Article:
Despite only two years passing since their last album, The Gaslight Anthem have ventured into new territory, abandoning their traditional sound for the majority of an album that shall worry, confuse and or delight fans. Get Hurt has an impressive collection of some of their heaviest tracks to date, along with slow indie-folk tracks which could arguably be snuck into the charts, not to mention a few classic tracks which could fit anywhere on their discography.
After the first listen, you have a strange feeling that something isn’t quite right. It certainly wasn’t lead singer Brian Fallon, who was on delightful form as always; his dry and gruff vocals wooing even the fiercest of rocker. After numerous listens you find the tracks in themselves are perfectly good too; the main fault lies in the band trying to go in too many different directions at once.
Confusion and delight were my initial reactions upon hearing the opening tracks of Get Hurt. Expecting the usual fast paced, almost punk guitar melodies of Alex Rosamilla, I was greeted with the crunching riff of ‘Stay Vicious’, a track which Black Sabbath would be proud of. The listener is brought to a very sad halt in tempo, with uncharacteristically slow sections, failing to match the awesomely powerful riff. They really should have been two different songs. You could almost get annoyed with them but then Rosamilla launches into a phenomenal solo, worthy of the axe chiefs of old. Tribute the old gods is certainly reflected in the first few songs, with ‘1000 Years’ displaying in parts Maiden-esque vibes. This for me is one of the top tracks on the album, with a chorus that’s going to be lapped up by audiences. This is one of the faces of the new Gaslight Anthem, so far so good.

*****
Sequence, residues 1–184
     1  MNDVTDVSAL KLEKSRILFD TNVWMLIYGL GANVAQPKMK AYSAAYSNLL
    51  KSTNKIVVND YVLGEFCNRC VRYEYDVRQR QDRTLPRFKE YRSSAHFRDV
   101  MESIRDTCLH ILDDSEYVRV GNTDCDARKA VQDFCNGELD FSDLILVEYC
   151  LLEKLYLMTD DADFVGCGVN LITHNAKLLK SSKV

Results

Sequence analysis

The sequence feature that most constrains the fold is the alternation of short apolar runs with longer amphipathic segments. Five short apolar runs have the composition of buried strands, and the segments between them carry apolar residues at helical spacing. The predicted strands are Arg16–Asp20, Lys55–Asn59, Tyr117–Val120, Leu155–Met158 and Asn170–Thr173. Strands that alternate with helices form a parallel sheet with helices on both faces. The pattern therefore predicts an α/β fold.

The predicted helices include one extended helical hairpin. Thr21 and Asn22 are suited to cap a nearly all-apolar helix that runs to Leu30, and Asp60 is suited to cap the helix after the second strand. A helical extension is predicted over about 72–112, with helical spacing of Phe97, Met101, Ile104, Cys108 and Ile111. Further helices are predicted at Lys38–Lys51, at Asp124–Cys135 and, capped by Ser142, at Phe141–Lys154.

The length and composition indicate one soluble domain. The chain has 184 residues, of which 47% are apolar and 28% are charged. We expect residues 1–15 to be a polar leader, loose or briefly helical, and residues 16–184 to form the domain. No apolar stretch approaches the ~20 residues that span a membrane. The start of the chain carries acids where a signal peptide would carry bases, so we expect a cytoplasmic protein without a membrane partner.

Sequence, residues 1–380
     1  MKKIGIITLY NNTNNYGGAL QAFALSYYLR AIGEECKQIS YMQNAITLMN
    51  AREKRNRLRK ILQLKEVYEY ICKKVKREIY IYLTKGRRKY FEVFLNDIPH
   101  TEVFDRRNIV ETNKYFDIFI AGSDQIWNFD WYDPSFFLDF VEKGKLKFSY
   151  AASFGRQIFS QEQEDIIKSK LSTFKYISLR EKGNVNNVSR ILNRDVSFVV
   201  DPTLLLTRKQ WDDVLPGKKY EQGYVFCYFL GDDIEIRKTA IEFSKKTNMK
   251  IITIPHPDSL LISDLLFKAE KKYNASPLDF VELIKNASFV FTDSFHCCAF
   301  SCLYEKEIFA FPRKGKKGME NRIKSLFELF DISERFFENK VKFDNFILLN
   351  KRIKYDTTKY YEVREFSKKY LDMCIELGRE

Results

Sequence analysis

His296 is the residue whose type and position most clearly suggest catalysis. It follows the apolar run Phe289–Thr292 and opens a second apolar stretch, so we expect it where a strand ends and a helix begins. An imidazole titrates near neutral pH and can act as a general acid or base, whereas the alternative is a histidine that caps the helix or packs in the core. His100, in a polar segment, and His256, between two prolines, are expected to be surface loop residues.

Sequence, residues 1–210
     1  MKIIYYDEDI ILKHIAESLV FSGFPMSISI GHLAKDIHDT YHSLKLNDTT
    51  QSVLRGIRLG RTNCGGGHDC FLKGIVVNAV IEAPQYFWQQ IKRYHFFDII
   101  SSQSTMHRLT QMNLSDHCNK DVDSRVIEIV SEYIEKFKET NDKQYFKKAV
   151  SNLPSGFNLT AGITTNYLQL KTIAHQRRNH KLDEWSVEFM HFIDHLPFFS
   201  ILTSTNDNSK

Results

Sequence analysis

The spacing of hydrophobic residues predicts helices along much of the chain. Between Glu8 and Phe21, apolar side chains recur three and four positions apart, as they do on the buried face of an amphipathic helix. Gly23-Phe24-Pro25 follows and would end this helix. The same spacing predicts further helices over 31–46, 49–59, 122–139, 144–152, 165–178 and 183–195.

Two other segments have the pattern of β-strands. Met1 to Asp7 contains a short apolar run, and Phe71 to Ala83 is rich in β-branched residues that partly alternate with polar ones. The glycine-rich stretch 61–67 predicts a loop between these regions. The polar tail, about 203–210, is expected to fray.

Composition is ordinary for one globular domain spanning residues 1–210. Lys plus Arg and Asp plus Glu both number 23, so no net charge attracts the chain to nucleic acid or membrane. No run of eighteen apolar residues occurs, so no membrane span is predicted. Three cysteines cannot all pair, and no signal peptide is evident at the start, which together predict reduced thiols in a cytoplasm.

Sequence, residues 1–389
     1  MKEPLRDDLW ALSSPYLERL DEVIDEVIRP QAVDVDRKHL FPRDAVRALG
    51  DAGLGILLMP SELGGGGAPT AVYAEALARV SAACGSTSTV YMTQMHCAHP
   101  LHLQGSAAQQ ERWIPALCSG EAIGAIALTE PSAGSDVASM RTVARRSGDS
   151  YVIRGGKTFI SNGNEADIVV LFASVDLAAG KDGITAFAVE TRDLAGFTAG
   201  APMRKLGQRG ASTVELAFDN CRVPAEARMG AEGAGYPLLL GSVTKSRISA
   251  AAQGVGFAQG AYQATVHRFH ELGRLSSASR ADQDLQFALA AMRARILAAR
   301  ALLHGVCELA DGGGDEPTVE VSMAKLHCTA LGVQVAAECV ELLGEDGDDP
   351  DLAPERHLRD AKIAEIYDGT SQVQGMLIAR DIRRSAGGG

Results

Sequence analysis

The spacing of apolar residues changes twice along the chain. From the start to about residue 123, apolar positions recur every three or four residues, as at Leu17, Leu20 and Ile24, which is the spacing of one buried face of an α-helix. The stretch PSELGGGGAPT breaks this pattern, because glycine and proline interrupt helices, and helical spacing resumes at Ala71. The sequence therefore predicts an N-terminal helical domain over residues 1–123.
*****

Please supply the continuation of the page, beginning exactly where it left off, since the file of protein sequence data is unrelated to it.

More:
I fear, however, the fans of the old Gaslight Anthem fans might react badly to the slower sounds that follow. Certain tracks such as the indie based ‘Get Hurt’ and the poppy ‘Underneath The Ground’ are likely to be treated with some hostility, with the band opting for less power and speed than fans will be used to. Taken at face values, they’re all good; there isn’t a bad track on the album, they just aren’t what fans will be used to.
Worry not hardcore fans however, redemption can however be found in tracks such as ‘Helter Skeleton’, which has that classic, feel good Gaslight sound that we all know and love. Upon listening, I felt compelled to grab a glass of Jack Daniel’s and fire a gun into the air (despite being from Surrey and hating whiskey). ‘Rollin’ & Tumblin” and ‘Ain’t That A Shame’ are also signs that the old Gaslight Anthem are still live and kicking. It just seems that they, strangely, have opted to throw folk-indie tracks into the melting pot.
The band seemingly stands at a crossroads, contemplating which route to go down. Get Hurt suggest they are unable to decide whether to get heavier, lighter or stay the same. Give me an album containing all of one and I’d be happy. For now however, the result is a strange blend of tracks with little or no continuity between them. Great songs, bad album.
Get Hurt is released on 11th August via Virgin EMI Records.